MELBOURNE (Reuters) – Wild weather downed trees and left tens of thousands of people without power in Western Australia, as emergency services began cleaning up in Perth on Monday after some of the worst weather in a decade.
Wind speeds of up to 132 km/hour (82 mph) were registered at Cape Leeuwin, one of the state’s most south-westerly points early on Monday, the strongest May gusts in 15 years, according to the Australia Broadcasting Corp.
“Some wild weather has affected large parts of WA, causing widespread damage and large scale power outages. Please listen to the advice of emergency services and stay safe everyone,” Australian Prime Minister Scott Morrison said on social media.
Around 50,000 customers were without power on Monday due to storm-related outages, utility Western Power said, as the remnants of Cyclone Mangga hit a cold front and brought squalling rain and emergency level storm warnings to the south of the state.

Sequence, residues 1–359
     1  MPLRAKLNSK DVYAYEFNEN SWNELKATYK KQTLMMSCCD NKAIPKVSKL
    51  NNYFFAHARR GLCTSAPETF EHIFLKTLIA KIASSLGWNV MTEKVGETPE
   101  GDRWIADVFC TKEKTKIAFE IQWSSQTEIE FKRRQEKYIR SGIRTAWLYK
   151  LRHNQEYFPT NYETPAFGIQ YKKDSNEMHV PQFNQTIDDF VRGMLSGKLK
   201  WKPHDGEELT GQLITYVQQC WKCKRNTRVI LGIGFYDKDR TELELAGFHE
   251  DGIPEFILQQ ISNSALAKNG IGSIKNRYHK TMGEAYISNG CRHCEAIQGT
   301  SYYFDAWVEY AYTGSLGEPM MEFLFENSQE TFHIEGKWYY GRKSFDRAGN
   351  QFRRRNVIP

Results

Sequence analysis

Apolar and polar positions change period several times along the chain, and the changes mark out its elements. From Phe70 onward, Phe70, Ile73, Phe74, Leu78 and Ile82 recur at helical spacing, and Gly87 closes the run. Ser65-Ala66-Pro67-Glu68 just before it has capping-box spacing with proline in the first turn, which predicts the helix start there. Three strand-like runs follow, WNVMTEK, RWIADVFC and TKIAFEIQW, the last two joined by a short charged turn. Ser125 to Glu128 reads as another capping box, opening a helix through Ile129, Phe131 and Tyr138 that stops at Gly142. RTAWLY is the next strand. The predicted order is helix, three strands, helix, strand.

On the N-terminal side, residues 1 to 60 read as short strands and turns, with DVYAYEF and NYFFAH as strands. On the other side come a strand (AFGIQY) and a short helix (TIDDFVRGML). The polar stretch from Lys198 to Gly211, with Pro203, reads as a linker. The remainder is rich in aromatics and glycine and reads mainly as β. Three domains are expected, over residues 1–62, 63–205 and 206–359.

“New damage from the windborne debris has meant the overall number of impacted homes and businesses remains high,” it said on Twitter.
More than 390 calls for assistance were made to the state’s emergency services since Sunday, mostly from the Perth metropolitan area, the Department of Fire and Emergency Services Chief Superintendent Danny Mosconi told ABC Radio.
Pilbara Ports Authority said port operations in the Pilbara had not been affected, but elevated swell led to some minor shipping schedule changes at the Port of Dampier, which is used by Rio Tinto.
The biggest oil and gas operators in WA, Chevron Corp, Woodside Petroleum and Santos, said there was no impact on their operations in the minerals-rich state.
BHP Group said their was no major impact to its operations. Rio Tinto Ltd declined to comment.
(Reporting by Melanie Burton in Melbourne; Additional reporting by Sonali Paul in Melbourne and Renju Jose in Sydney; Editing by Richard Pullin)